Equis ISSN 2398-2977

Carpus: fracture - slab

Introduction

Pathogenesis

Predisposing factors

Pathophysiology

  • Slab fractures are defined as fractures that involve the proximal and distal articular surfaces and transverse the entire depth of the bone. This differentiates them from the smaller osteochondral fragments that only involve one articular surface Carpus: fracture - chip.
  • Slab fractures of the third carpal bone, usually in the frontal (dorsal) plane are by far the most common.
    • This usually involves the radial fossa (87% of cases in a large survey of Thoroughbred and Standardbred racehorses).
    • Occasionally the intermediate fossa is involved alone or in combination with the radial fossa.
    • Radial fossa fractures may involve the entire width of the fossa, or any part thereof, with range in dorsal-to-palmar depth from 8-10 mm (most common) to 20-25 mm. These very large fragments may be difficult to see on skyline radiographs and can be L-shaped.
  • Slab fractures of the radial, fourth, ulnar and intermediate bones occur uncommonly.
    • Those of the radial facet occurring simultaneously with C3 frontal slab fractures result in carpal instability and are called comminuted carpal fractures.
    • Repair of both fractures by lag screws under arthroscopic guidance is considered the only useful treatment.
    • The other fractures are often not diagnosed promptly and the delay in treatment leads to a poor prognosis.
  • Slab fractures in other planes, including sagittally, are uncommon, and usually involve the medial radial fossa in a direction parallel to that between the 2nd and 3rd bones. Intermediate fossa and bilateral fractures are even less common.
  • A combination of slab fractures occurs rarely and may lead to carpal instability.
  • The majority of slab fractures are a terminal event to nonadaptive or maladaptive bone remodeling changes in the affected bones. Lack of adaptation leads to subchondral bone sclerosis, weakening biomechanically, and fracture during strenuous exercise. Other forms of carpal bone disease may be present concurrently.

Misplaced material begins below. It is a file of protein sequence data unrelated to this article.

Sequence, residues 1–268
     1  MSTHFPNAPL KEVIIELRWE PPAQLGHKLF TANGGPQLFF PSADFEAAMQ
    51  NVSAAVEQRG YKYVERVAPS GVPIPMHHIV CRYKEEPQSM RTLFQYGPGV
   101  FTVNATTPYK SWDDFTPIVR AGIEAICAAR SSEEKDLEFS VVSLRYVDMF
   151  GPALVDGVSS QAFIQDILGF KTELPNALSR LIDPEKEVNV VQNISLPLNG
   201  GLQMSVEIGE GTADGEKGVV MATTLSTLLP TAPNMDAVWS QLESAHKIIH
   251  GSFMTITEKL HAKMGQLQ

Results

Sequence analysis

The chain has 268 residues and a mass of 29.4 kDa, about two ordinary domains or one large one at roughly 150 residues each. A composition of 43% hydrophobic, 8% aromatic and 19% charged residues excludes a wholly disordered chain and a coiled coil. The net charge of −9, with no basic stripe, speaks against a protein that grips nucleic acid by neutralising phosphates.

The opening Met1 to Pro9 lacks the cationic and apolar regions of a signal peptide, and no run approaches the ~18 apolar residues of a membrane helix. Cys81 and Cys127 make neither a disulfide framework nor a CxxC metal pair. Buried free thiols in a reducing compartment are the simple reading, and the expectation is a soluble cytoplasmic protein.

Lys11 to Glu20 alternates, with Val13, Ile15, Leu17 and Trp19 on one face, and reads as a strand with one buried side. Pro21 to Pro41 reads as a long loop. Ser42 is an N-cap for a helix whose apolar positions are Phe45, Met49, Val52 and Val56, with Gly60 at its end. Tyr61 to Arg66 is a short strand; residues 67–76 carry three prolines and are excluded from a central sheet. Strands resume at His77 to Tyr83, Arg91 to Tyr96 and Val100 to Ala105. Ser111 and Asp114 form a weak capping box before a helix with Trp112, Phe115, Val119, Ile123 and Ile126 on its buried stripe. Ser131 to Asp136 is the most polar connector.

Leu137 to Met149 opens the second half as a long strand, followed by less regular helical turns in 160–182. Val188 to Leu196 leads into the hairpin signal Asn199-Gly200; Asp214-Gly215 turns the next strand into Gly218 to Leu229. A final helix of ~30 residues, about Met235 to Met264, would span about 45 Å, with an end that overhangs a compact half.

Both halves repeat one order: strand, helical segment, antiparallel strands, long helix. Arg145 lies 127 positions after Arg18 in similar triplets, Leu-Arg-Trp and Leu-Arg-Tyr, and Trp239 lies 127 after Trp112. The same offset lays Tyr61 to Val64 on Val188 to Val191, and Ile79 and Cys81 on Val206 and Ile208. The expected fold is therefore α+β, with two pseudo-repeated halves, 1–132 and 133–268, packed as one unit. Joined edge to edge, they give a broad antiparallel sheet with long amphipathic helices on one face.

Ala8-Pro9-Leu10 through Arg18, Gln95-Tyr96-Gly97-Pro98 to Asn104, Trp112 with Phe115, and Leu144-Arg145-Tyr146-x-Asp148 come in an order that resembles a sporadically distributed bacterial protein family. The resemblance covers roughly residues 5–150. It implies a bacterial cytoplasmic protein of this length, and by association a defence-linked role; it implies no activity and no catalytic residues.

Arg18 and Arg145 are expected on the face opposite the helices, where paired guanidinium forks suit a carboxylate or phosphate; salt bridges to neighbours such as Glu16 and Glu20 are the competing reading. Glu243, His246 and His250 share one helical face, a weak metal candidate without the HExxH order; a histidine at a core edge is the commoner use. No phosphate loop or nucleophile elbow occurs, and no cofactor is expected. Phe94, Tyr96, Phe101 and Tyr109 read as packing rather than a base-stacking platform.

• Slab fractures in unusual locations may be subsequent to one-off traumatic events.

Timecourse

  • Usually present as an acute forelimb lameness but lower grade and subtle prodromal lameness may have been present chronically. Previous carpal disease, including osteochondral fragmentation, may be present in the history.

Diagnosis

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Treatment

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Prevention

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Outcomes

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Further Reading

Publications

Refereed papers

  • Recent references from PubMed and VetMedResource.
  • Garvican E & Clegg P (2007) Clinical aspects of the equine carpal joints. UK Vet 12 (1), 5-10 VetMedResource.
  • Rutherford D J, Bladon B & Rogers C W (2007) Outcome of lag-screw treatment of incomplete fractures of the frontal plane of the radial facet of the third carpal bone in horses. N Z Vet J 55 (2), 94-9 PubMed.
  • Hirsch J E et al (2007) Clinical evaluation of a titanium, headless variable-pitched tapered cannulated compression screw for repair of frontal plane slab fractures of the third carpal bone in Thoroughbred racehorses. Vet Surg 36 (2),178–184 PubMed.
  • Kraus B M, Ross M W & Boston R C (2005) Surgical and nonsurgical management of sagittal slab fractures of the third carpal bone in racehorses: 32 cases (1991-2001). JAVMA 226 (6), 945-950 PubMed.
  • Stephens P R, Richardson D W & Spence P A (1988) Slab fractures of the third carpal bone in Standardbreds and Thoroughbreds: 155 cases (1977–1984) J Am Vet Med Assoc 193 (3), 353–358 PubMed.
  • Martin G S, Haynes P F & McClure J R (1988) Effect of third carpal slab fracture and repair on racing performance in Thoroughbred horses: 31 cases (1977–1984). JAVMA 193 (1), 107–110 PubMed.
  • Richardson D W (1986) Technique for arthroscopic repair of third carpal bone slab fractures in the horse. JAVMA 188 (3), 288–291 PubMed.


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